(musicTheory2) Lecture Notes: Leading Tone Seventh Chords

Start by remembering the general stuff:

  • 7ths are dissonant intervals. The chordal seventh must be PREPARED (approached by step or same tone, P – N – Sus; rarely as an appoggiatura), and RESOLVED (down by step). This applies no matter what the root is (or Roman numeral classification)

Fully diminished leading tone seventh chords are typically part of the minor mode. You have to raise the leading tone in minor. In major, the leading tone seventh is naturally half-diminished. It is often altered (lowering scale degree 6) to make it fully diminished.

vii°7 is comprised of all minor thirds. It is fully symmetrical (going up a minor third from the chordal seventh takes you to the root, up an octave). There are two interlocking diminished fifths (root – fifth; third – seventh).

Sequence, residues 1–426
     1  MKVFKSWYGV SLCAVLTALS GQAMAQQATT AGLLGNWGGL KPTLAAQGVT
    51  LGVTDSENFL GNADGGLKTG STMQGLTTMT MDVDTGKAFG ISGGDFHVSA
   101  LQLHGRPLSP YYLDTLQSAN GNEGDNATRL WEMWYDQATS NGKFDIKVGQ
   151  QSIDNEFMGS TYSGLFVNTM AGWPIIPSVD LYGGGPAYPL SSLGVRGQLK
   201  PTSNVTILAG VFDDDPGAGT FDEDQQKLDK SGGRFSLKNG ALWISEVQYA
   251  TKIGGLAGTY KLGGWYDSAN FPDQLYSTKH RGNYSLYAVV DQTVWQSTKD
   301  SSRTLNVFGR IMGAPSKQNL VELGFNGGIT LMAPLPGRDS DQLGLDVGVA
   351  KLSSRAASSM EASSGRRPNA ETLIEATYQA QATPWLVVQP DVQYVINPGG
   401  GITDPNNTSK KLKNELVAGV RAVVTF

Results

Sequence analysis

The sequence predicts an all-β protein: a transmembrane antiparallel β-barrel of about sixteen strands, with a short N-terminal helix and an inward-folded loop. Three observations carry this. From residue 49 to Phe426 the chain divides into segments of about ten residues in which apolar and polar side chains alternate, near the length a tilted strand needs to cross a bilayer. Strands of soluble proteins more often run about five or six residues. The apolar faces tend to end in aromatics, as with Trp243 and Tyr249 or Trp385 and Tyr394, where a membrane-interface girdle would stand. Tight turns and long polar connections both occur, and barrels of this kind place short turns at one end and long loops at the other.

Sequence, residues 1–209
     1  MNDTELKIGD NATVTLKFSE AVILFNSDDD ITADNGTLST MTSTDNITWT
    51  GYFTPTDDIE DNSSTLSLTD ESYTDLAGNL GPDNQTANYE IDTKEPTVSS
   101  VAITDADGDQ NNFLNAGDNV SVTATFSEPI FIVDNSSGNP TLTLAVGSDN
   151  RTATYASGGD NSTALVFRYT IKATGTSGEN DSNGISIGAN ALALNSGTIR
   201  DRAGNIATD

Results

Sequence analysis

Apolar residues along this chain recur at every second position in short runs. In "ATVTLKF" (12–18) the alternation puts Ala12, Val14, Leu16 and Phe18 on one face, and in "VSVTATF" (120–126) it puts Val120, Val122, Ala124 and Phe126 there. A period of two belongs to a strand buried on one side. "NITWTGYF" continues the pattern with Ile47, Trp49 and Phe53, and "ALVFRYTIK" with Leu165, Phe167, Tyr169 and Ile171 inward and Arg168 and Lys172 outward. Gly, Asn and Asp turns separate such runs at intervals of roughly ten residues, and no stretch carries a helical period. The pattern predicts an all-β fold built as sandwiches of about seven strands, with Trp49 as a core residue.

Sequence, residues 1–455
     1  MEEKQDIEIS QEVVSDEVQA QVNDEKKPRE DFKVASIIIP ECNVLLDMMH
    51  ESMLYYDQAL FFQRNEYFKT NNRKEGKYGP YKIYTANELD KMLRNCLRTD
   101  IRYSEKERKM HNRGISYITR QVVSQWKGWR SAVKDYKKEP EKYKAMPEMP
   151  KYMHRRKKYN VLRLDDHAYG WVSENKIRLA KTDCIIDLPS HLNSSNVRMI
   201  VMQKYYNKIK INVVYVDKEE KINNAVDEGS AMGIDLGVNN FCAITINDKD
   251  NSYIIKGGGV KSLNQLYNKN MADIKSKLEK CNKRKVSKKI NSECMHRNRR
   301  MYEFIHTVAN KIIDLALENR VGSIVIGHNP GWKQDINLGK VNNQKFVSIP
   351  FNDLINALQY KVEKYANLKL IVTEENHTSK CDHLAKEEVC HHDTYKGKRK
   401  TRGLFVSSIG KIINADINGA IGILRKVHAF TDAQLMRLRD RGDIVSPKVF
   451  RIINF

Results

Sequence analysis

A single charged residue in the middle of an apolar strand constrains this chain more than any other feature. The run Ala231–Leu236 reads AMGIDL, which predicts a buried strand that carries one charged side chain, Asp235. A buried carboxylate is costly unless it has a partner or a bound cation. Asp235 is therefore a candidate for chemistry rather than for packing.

Leading tone seventh chords are part of the Dominant class, and usually are embellishing harmonies (parentheses, unstemmed).

  • Whatever the inversion, the bass usually moves in a linear fashion, and the movement matches common non-chord tone classifications (Passing, Susp, Neighbor).
  • The LT seventh chord substitutes for inversions of V7 with the same bass note, i.e.,
    • vii°7 for V6-5 (neighbor to tonic)
    • vii°6-5 for V4-3 (passing between root pos tonic and first inv tonic)
    • vii°4-3 for V4-2 (Susp resolving down to I6; appogg to I6)
    • vii°4-2 is rarely used


  • To avoid trouble, resolve the tritones properly (diminished fifths in, augmented fourths out). This typically leaves you with a doubled third on the following tonic.
  • vii°6-5 moving to root pos i doesn’t resovle the tritones properly. (scale degree 2 should go to 3) In that case, make sure that the chordal seventh isn’t in the soprano. (unequal fifths stand out)


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